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Work/life attitudes bear generational imprints
In the second of a three-part series, DVM Newsmagazine takes a detailed look at how veterinarians balance work with family and free time. Explore profiles from each generation, cutting data and a new model for admissions.
Dr. Margaret Rucker exudes professional success. The small animal practitioner from Lebanon, Va., owns a busy practice, boasts a 33-year marriage to her high school sweetheart and business partner and is former president of the American Animal Hospital Association.
At 54, Rucker says she has just one regret: She didn't set aside time to have children.
"My husband and I put off having children because of our dedication to veterinary medicine, and at the time, balancing work and life wasn't a big deal to me," she says. "As I've gotten older and have friends who have children and grandkids, I know what I'm missing. Sure, we've got stuff that we wouldn't have if we'd had children. But I know now, I did it the wrong way. Working too hard was part of my generation, and I didn't know what life was all about."
Rucker's revelation mirrors that of many highly-educated, professional women who have a hard time juggling work and life, with or without parenting. According to a survey released in September by the Center for Women's Business and Research, 77 percent of women business owners believe ownership has a positive impact on their self-confidence and personal lives. However, 82 percent of Americans are unhappy with their work/life balance.
Practice owner Dr. Judy Rutkowski, of Center Valley, Pa., believes that news bears the struggle of family-orientated veterinarians. At 47 years old, Rutkowski didn't take time to have children early. Now financially and emotionally strong, she's raising her first daughter, a 4-year-old adopted from China.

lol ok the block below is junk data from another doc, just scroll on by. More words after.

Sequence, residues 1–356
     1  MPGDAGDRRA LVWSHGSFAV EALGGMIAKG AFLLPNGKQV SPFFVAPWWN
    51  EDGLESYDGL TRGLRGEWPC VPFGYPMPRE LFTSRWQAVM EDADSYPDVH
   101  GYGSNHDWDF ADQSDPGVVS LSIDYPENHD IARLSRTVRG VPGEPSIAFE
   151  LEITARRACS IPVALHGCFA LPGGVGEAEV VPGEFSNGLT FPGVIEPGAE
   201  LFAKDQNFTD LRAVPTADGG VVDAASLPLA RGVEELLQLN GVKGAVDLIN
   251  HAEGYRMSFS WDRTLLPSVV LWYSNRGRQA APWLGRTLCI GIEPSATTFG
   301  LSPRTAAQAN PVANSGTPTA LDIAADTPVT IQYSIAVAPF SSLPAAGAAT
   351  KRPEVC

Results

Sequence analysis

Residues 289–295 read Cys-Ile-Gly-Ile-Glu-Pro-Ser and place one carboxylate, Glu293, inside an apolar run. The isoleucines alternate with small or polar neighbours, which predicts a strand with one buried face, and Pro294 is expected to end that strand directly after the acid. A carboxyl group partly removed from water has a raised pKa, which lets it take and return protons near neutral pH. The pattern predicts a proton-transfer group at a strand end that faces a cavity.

"I now have everything I've ever wanted; not many people can say that," she says. "For the first 10 years of my career, I didn't think about having a social life. Many of my classmates are childless. We felt we had to go beyond what the guys were doing to be considered worthy. By the time we started thinking about having kids, most of us were in our mid 30s."
As established owners, Rutkowski and Rucker have the ability to make their own schedules, take time off when needed and even turn away clients. But associates like Dr. Elena Sawickij don't see ownership on the horizon. Instead, the 30-year-old says she's planning to embark on family life.
"My aspirations are to remain an associate, start a family and go part-time," she says. "There are a lot of part-timers in the profession, and I guess that's been one of the draws for me. It will be less of a struggle for me to juggle my family and work life."
Dr. Christine Weaver, 33, didn't plan on having kids. Now with an 8-month-old, she admits life is more complex but doesn't rule out ownership within the decade.
"I was not expecting to get pregnant, but when my boss found out, he was happy for us," she says. "He thinks family needs to be a priority. I now work 35 to 40 hours a week. It's hard on a business for a doctor to be gone on maternity leave and working part time. There has to be some type of compromise."
That type of tradition rarely exists these days, says Dr. Rebecca Stinson-Dixon. The Reidsville, N.C., practitioner has managed a family since before veterinary medical school. The 33-year-old with a 13-year-old son is a full-time associate who works 60 hours a week. She says the key to balancing work and life is to have a support system in place.
"You can't do it by yourself," says Dixon, who employs a cousin in her home to help care for her son. "First is always my family. But that doesn't mean I don't lose sleep over patients at night."
Rucker says she's reclaiming her youth and takes cues from younger female colleagues who demand a life away from work.
Scheduling time outside the practice, she and her husband have become motorcycle enthusiasts; they enjoy gardening and show Jack Russell Terriers. But it's still a struggle to not fall back on old habits.
"As I think back, when I went through veterinary school, you were defined by the work you did; you basically live to work," Rucker says. "That was my generation. The folks I really admire are like my associates. They work to live."